Stories

The IRE Resource Center is a major research library containing more than 27,000 investigative stories.

Most of our stories are not available for download but can be easily ordered by contacting the Resource Center directly at 573-882-3364 or rescntr@ire.org where a researcher can help you pinpoint what you need.

Search results for "conflict of interest" ...

  • AAA Poll

    AAA used a poll financed in part with taxpayer money to lobby for its driving initiatives before the Maryland General Assembly. The author explores the conflict of interest and ethical dilemmas that arise from this complicated situation.
  • Children's Crusade: Who is watching Yale faculty's children?

    This article explores Yale University's decision to hire a consulting firm to assess the university's childcare program. Krieger found that the CEO of the consulting agency also has an administrative role at the university. The author explores the various sides of this conflict of interest, and also traces the history of Yale's childcare program.
  • "Deputy Mayor for the Olympics," & "Market-Rate Giveaway"

    These two stories focus on the activities of Deputy New York City Mayor Daniel Doctoroff and his campaign to bring the Olympics to New York. In the "Deputy Mayor" story, newly elected mayor Bloomberg got Doctoroff to hit up corporations that do business with the city to raise money for the Olympics project. This even though a conflict of interest ruling should have prevented him from those activities. "Market-Rate Giveaway" is about a sweetheart deal handed to a friend of Doctoroff's, Steve Ross and his business Related Companies, as part of the Olympics project. That deal would allow Ross to replace the Bronx produce market with a new mall, putting thousands of market workers out of a job.
  • Bad Practices Net Hospitals More Money

    This three part series delves into the various problems that plague Medicare. One issue that comes up is how the system is set up so that hospitals get more money for each visit, even if those extra visits are a result of an infection picked up in an unsanitary ward. As a result, the highest quality health care providers end up with substantially less funding. The articles also touch on how the Medicare system encourages unnecessary surgery and a possible conflict of interest with the hospital inspectors.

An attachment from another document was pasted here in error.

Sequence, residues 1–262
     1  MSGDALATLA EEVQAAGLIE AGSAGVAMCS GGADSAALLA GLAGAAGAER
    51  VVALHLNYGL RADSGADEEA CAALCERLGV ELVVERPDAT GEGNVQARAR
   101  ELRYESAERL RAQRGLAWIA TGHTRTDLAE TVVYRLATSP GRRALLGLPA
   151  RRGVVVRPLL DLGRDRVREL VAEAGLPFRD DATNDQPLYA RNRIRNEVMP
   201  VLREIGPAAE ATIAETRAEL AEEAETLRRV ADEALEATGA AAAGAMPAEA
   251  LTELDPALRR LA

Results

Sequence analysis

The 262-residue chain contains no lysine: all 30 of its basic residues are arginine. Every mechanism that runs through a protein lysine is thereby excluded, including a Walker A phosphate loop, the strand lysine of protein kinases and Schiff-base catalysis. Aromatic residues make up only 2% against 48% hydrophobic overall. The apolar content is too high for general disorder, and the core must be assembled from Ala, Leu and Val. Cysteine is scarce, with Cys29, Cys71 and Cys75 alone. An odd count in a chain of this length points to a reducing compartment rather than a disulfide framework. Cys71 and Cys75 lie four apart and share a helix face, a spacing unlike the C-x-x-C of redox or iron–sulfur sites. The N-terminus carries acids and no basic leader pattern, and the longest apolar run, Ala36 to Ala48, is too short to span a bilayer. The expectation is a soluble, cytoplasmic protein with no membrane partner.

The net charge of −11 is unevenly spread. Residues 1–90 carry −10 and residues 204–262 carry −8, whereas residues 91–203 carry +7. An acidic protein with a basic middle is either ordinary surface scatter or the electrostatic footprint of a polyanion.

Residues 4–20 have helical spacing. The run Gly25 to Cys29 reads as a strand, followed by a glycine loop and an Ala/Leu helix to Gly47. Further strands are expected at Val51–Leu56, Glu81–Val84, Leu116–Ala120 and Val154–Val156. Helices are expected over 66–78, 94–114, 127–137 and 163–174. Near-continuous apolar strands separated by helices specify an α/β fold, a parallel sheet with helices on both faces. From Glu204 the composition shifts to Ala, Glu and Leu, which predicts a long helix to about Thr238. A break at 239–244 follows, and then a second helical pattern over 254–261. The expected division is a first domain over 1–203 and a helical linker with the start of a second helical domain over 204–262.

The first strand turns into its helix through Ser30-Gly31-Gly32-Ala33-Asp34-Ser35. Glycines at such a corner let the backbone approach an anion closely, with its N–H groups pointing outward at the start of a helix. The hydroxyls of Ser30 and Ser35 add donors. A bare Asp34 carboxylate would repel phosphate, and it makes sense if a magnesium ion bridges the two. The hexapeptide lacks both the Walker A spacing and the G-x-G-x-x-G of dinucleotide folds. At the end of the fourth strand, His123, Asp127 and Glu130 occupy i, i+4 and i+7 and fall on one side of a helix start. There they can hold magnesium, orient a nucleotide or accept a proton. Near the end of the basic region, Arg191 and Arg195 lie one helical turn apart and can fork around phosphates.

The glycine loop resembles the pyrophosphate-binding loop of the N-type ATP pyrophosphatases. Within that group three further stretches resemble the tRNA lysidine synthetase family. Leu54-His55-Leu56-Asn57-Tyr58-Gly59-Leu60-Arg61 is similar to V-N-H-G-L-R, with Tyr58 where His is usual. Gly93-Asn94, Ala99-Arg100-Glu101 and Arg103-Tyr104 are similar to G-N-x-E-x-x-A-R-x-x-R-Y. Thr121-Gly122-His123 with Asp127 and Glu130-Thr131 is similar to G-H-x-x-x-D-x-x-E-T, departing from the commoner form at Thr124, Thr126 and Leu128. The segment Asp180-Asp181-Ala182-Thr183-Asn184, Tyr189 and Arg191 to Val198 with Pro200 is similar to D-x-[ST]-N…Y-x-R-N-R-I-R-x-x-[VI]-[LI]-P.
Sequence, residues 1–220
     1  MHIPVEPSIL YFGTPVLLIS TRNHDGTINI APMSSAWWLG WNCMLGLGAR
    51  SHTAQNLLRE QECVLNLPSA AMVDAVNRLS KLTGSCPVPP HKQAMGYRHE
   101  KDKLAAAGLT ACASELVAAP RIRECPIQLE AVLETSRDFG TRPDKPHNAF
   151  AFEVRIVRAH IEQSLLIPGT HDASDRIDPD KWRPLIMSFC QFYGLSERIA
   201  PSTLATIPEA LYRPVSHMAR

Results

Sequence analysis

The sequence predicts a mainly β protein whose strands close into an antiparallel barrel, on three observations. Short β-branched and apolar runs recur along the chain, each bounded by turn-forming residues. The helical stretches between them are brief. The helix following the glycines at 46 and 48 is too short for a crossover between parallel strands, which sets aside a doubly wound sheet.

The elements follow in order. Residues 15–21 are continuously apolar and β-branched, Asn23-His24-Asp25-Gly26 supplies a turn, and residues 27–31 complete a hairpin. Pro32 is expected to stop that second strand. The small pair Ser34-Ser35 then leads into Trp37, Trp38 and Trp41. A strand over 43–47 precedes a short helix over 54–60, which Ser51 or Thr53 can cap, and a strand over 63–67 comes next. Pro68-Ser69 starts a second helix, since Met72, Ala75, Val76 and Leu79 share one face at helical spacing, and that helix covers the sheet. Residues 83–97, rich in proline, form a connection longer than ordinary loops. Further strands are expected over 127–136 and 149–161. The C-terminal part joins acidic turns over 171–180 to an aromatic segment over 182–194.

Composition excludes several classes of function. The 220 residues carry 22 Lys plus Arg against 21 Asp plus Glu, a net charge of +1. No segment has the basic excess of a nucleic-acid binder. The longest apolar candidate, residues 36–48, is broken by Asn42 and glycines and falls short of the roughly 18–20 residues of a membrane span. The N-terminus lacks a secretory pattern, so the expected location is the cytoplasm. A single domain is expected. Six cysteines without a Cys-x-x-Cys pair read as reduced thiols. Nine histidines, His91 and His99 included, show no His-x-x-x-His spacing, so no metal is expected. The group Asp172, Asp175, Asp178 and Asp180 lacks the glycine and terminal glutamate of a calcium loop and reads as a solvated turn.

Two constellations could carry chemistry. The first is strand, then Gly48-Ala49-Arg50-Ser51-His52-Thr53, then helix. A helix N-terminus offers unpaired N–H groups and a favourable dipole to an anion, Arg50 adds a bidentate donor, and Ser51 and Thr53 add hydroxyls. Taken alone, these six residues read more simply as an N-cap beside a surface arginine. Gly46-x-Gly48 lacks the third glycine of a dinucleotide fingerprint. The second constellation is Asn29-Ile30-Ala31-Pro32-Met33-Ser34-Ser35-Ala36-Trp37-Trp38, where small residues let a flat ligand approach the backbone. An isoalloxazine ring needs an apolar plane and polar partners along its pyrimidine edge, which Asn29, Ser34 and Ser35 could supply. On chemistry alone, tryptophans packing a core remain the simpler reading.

• Personal Politics

    Thirty nine states have lawmakers who meet part time. These lawmakers often pursue other careers, sometimes in sectors that are regulated by the government. The Center for Public Integrity recognized the huge potential for conflicts of interest, if lawmakers end up serving on committees or deciding legislation that could affect their outside interests. The only way to combat the conflict of interest is through full disclosure of lawmakers' private interests, however, many states do not make that information available to the public. But, this project by the Center for Public Integrity does that for them: in two years, reporters used thousands of documents and dozens of interviews to create a database, available online, that includes information on lawmakers; outside interests, as well as the committees they serve on in the legislature.